“Now after John was arrested, Jesus came to Galilee…”
The gospel writer is careful to make us aware of the danger Jesus faces. This is a time of political crackdown, a policy of intolerance toward all dissent and a silencing of criticism of those who rule.
That’s a reality that the Church has lived with ever since. When the Church is faithful to her mission and expresses spiritual concerns, this is taken as a political stance; and worldly power looks at the Church and its leaders as rivals for political authority, and is threatened by it. We have to be aware that our proclamation of the gospel, and our pursuit of righteousness will be seen by many people as an expression of politics. We need to be prepared to speak to that, and not be cowed into abandoning the good news, and of hiding ourselves away from a world that needs to see how the gospel is lived; see how it is humanity’s one true hope for redemption, both within history in the near term and in the fullness of time, eternally.
Now there is often inconsistency in how Jesus is seen by the world and its powers. Ask the person on the street about Jesus, and aside from those who make a confession of faith in Him as the Saviour, you will likely have people say He is a religious figure, that is, they don’t conceive of Him in any way as a politician, a political figure in any real sense. Many of our political leaders are quite anxious to reinforce this because by defining Jesus as a religious figure, the Church must then keep to its prayer beads and stay out of anything that the state, or the king, or other political authority deems to be its business alone: “render unto Caesar what is Caesar’s…” they will tell us—and we must remember that even the devil can quote scripture.
The Church is always looked upon with great favour by worldly powers when it stops talking about the spiritual well-being of people, and instead aligns its message with the political priorities of the ruling elite. Sadly, the Church has done that in many instances and in many nations throughout history. The hierarchy, the bishops and cardinals, and even popes, drawn from a national, and of late, the international elite share a worldview, and so without any great self-awareness substitute the concerns of the 1 percent, or the 10 percent for the mandate of Christ to make disciples of all, and so grounding the lives of everyone in the truth and love of God as a sound foundation for all action.
When the Church preaches God’s commandments, it is being neither a prude in the area of sexual morality, nor a religious bigot with regard to the need to recognize God’s authority, nor insensitive to the inequities that exist in society when it refuses to allow violence and theft to be justified. Fail to follow the principals inherent in the ten commandments and the broader moral code that we see in the scriptures, and society loses its cohesion, and we descend into a universal conflict of all against all. No one has any moral authority then—the rich no longer need to justify their wealth nor the mob defend its violent actions. Everything is justified by only one thing: power. The powerful rule, they take by force, they silence their foes, they answer to no one, and will be judged by no one: not the people, nor their peers, and certainly not by God.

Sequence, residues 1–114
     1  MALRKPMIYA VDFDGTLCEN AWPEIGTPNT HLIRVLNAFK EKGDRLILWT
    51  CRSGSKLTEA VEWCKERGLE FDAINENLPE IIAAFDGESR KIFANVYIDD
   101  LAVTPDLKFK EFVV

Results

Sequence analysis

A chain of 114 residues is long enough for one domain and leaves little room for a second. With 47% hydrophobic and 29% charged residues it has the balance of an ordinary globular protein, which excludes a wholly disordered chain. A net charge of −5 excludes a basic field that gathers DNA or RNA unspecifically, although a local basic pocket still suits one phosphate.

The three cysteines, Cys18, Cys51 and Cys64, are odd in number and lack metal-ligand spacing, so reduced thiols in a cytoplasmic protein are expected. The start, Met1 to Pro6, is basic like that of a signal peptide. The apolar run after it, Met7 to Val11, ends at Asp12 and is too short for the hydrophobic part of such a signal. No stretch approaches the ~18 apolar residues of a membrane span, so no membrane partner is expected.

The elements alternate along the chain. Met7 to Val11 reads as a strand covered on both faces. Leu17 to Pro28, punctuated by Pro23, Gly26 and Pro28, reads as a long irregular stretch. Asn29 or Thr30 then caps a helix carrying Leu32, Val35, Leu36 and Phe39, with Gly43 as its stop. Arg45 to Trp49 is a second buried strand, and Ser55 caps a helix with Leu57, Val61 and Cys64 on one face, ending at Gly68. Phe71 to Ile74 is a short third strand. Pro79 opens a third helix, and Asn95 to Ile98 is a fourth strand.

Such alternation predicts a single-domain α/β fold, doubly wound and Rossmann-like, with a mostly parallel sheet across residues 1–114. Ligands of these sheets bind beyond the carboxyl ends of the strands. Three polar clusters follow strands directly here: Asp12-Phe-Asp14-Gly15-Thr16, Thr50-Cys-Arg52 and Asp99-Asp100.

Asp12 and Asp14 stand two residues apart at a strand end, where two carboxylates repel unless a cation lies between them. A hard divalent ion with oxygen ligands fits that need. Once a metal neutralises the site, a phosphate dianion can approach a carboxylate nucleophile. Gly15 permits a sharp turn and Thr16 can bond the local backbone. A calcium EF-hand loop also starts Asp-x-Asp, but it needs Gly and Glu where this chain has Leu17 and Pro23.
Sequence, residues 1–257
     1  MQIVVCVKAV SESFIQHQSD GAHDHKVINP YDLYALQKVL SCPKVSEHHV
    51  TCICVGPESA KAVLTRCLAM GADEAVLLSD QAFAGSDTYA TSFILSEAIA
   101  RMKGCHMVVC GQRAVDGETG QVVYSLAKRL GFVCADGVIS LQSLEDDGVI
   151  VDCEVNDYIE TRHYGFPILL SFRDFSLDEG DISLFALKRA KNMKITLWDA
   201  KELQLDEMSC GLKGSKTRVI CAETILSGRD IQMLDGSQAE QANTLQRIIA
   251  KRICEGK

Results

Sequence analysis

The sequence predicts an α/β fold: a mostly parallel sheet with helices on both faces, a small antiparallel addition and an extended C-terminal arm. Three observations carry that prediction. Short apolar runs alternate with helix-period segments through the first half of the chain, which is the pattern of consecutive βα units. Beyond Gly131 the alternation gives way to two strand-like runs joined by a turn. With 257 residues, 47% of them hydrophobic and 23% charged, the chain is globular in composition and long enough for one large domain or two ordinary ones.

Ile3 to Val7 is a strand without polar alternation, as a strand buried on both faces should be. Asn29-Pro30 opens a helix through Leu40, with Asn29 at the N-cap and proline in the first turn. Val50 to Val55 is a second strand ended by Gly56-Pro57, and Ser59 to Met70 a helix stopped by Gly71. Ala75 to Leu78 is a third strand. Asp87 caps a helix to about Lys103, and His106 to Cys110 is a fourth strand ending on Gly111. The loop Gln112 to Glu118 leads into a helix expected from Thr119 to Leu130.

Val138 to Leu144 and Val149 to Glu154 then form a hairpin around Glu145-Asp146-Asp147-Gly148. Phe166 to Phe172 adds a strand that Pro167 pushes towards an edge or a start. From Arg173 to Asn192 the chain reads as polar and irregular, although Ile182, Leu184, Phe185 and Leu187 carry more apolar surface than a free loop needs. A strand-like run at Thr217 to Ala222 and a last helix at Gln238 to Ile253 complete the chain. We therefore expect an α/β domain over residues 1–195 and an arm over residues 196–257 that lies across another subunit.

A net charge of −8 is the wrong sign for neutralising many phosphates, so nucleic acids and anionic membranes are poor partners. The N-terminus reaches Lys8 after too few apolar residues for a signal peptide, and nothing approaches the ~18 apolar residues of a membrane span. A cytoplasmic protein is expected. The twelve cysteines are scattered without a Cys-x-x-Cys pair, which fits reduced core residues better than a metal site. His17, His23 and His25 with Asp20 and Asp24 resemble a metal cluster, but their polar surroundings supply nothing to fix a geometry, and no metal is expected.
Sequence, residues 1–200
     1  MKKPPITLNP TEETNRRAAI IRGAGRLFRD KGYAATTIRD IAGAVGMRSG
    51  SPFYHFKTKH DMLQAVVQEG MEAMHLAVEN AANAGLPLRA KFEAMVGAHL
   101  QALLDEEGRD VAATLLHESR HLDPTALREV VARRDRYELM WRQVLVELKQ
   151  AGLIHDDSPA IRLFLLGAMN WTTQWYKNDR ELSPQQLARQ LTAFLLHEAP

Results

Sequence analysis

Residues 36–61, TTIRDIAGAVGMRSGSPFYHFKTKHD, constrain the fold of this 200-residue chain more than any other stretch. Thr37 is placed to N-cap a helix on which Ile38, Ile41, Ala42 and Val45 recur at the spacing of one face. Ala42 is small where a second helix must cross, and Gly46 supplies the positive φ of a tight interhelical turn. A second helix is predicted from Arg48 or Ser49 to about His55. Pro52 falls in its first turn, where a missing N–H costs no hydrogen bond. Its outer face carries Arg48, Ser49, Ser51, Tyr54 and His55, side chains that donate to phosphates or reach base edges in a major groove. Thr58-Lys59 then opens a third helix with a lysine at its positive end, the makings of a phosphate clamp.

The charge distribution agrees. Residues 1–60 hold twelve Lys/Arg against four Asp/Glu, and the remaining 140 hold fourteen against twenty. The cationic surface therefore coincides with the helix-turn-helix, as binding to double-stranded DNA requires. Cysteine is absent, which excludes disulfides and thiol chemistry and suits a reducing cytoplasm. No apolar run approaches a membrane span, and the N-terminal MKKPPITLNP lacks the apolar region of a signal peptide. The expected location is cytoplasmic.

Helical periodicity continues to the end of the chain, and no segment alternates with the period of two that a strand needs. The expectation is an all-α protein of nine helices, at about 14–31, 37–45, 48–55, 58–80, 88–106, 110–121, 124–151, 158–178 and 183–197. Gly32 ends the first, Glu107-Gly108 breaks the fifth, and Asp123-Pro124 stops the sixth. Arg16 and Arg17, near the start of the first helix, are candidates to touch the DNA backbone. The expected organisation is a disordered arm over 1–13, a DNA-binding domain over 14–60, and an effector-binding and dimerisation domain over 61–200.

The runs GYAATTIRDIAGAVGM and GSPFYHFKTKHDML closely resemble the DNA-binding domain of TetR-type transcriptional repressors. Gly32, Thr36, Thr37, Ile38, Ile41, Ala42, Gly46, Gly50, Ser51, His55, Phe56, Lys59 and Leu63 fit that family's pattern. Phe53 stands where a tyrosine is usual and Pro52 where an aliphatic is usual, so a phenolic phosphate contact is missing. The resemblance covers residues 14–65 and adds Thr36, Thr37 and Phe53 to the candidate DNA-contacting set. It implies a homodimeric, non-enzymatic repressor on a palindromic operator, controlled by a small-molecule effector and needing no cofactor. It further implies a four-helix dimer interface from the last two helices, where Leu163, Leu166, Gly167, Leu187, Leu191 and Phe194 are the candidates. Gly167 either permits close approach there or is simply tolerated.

Jesus, as I pointed out, begins His ministry walking into a veritable hornets’ nest of trouble.
John the Baptist had effectively kicked over that hive and released a swarm of complaint against Herod Antipas, the ruler of the Galilee.
It’s often missed what the real issue was between Herod and John the Baptist. Watch the movies to get your history, even Bible epics about Jesus, like The Greatest Story Ever Told (1965) or Jesus of Nazareth (1981), and you might not understand what got the Baptist into trouble.
The way it is presented in the gospel can mislead us into thinking it was a simple moral scandal: Herod Antipas wanted his brother’s wife. So, he divorced his wife, and then stole his brother’s wife and married her. Bad, I know, but in terms of the depravity both of ancient elites and the embarrassing antics of modern leaders (e.g. Bill Clinton) not particularly shocking. Why does John the Baptist take a stand on this issue?
Isn’t this just another example of the religious and their moral rectitude accomplishing little aside from stirring up people who would do better to focus on their own problems?
The thing is, this is an indicator of character and a metric of the type of leadership that someone is apt to give. I’m not talking about past moral failings. I believe that anyone can have a checkered past, pull themselves up from the moral gutter and go on to be exemplary. That’s the promise of the gospel: anyone can be reborn to righteousness no matter how low one has sunk. I’m not worried so much about the past sins of a leader who demonstrates both concern for the people and wisdom in decision-making as I am the person who presumes to be able to flout moral standards because they have power, and who make decisions based on how it will maintain or increase that power.